Sunday, February 28, 2010

When the earth moves

You are Simon son of Jonah. You will be called Cephas" (which, when translated, is Peter).
John 1:42 (NIV)

Earthquakes move rocks--and people. And when the ground under our feet begins to shake, our view of the world changes. Something like that happened to a first-century fisherman named Simon when Jesus came into his life.

The scene is the Sea of Galilee. The crowds had gathered to hear Jesus of Nazareth speak and a small group of fisherman cleaned their nets nearby after a long night of fishing. Jesus sat down to teach, using Simon's boat as a pulpit.

When Jesus finished His teaching, He turned to Simon--who was a captive audience at the time. His instructions to "put out into the deep water, and let down the nets for a catch" may have come across to Simon more like an order than a suggestion. (Luke 5:1-11) They ran contrary to everything he knew about fishing. Fishing in the Sea of Galilee was done at night near the shore; not in the daytime out in the deep. Even though he had been unsuccessful, he was certainly an expert. Consequently, it's logical that Simon responded, "Master, we've worked hard all night and haven't caught anything."

The story is told that the Duke of Wellington, the British commander who defeated Napoleon's forces at the Battle of Waterloo, once gave a command to one of his generals, who then responded that it was an impossible command to execute. The Duke told him, "You go ahead and do it because I don't give impossible commands." Jesus doesn't give impossible commands either--a truth Simon discovered when he ultimately obeyed.

Initially it may appear that Simon questioned Jesus' command. However, the text also says, "But because you say so, I will let down the nets." Even though all his professional knowledge told him it was a big waste of time, Simon did what he was told. What was the result? Although it seemed utterly impossible, a huge number of fish were caught at the wrong time and in the wrong way. Simon Peter found himself in the presence of the One who could do the impossible.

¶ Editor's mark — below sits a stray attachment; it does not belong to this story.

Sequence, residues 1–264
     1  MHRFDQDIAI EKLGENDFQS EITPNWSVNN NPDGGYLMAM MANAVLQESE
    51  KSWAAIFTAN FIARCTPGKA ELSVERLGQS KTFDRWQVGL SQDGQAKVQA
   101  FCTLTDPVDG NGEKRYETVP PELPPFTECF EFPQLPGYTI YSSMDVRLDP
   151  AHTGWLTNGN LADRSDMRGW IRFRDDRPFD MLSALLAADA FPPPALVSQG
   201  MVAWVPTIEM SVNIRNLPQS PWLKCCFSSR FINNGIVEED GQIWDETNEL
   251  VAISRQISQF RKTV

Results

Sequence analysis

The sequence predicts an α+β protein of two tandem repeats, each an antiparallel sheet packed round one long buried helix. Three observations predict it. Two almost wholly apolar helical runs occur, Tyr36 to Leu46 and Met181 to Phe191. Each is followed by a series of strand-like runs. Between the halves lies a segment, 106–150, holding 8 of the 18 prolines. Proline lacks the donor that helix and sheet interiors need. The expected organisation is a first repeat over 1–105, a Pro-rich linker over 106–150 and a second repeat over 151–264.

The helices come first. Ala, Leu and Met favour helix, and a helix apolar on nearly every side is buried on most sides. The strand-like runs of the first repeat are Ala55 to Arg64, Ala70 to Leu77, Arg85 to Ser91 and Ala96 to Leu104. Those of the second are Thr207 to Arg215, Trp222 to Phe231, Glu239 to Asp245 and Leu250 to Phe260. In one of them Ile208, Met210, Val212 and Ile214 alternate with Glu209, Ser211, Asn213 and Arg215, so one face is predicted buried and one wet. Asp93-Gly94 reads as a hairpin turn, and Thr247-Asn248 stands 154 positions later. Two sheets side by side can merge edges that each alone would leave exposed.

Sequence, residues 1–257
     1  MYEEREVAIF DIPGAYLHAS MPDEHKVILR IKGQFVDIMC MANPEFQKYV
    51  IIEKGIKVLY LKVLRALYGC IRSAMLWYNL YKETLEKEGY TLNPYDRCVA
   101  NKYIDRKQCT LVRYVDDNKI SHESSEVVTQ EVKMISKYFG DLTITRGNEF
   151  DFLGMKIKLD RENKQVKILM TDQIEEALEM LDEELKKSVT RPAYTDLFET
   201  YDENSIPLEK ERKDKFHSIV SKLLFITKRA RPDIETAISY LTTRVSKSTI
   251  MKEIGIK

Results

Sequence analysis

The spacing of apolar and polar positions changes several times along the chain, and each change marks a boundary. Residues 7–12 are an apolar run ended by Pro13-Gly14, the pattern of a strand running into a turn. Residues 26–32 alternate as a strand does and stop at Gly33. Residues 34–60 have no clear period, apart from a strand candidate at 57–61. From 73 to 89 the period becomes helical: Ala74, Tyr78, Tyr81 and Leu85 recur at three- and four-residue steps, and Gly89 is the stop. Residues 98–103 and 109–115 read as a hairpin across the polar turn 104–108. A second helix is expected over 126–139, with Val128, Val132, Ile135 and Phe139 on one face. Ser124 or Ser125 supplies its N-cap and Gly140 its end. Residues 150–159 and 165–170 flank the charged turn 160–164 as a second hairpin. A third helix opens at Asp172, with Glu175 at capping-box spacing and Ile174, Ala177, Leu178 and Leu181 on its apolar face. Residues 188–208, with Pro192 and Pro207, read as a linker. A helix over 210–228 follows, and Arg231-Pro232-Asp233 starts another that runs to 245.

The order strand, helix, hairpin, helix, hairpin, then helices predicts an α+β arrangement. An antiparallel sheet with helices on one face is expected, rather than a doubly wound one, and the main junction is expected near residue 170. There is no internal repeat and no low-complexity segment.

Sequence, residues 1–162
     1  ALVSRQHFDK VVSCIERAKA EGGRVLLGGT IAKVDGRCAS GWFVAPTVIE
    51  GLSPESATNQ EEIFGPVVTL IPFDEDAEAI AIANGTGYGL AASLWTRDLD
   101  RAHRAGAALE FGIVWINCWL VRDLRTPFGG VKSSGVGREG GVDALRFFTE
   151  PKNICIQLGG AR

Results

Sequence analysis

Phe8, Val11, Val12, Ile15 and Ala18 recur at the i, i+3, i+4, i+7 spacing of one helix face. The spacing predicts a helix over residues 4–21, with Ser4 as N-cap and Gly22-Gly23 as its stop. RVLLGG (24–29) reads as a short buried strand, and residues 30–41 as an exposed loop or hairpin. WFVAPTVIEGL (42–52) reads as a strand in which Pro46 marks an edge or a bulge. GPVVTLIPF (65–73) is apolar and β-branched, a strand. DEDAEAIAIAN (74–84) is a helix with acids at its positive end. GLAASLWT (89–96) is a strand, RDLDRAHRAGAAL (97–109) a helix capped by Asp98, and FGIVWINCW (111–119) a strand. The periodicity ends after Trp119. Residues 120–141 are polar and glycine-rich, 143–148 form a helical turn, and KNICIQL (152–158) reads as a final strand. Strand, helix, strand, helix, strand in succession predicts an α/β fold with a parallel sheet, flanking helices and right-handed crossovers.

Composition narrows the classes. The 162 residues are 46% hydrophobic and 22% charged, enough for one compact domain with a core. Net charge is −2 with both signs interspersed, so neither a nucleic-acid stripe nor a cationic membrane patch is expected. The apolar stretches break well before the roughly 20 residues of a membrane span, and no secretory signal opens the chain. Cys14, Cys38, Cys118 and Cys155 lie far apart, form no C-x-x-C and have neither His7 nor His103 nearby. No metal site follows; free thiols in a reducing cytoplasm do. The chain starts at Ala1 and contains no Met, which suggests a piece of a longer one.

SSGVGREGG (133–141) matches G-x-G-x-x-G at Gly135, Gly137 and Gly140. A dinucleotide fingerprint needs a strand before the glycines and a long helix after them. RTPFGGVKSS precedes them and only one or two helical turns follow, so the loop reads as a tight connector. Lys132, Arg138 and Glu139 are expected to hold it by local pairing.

Simon's immediate response was not about all the fish he caught, but about the One who accomplished it. He recognized that he was in the presence of God, and he was "astonished" because what had transpired was beyond reason, description or explanation. Jesus revealed Himself as supreme in the realm where Simon was most familiar, most skilled and most adequate.

One commentator states that in Simon Peter's response, "Go away from me Lord; I am a sinful man," it's as if he says "I'm not worth it, Lord. Give up on me. I failed You when You called me before, and I will fail you again. Call someone worth Your time and trouble. Call someone You can trust. You once said that I'd be called Rock, but there's no rock in me. Give me up. I'm a sinful man." Yet Christ's love would not let Simon go.

Jesus laid claim to all that Simon was, and He began by using what little Simon had. He invited Simon on an adventure of faith that would radically transform his life, and Jesus was prepared to do whatever it took to make him into Peter, which means "rock."

We can learn a lot from Simon Peter's journey to become "rocklike." In the strength that only Jesus can give, we, too, can become stable and consistent. Are you ready to be moved, my friend?

Blessings, dear friend.
Faithfully Following


  1. YES, move me Lord, even disturb my life, as i stand in prayer & obedience, according to Your Will! ;)

  2. Thanks for stopping in for a visit at Nomad Wife. May you experience extraordinary "movement." Bonnie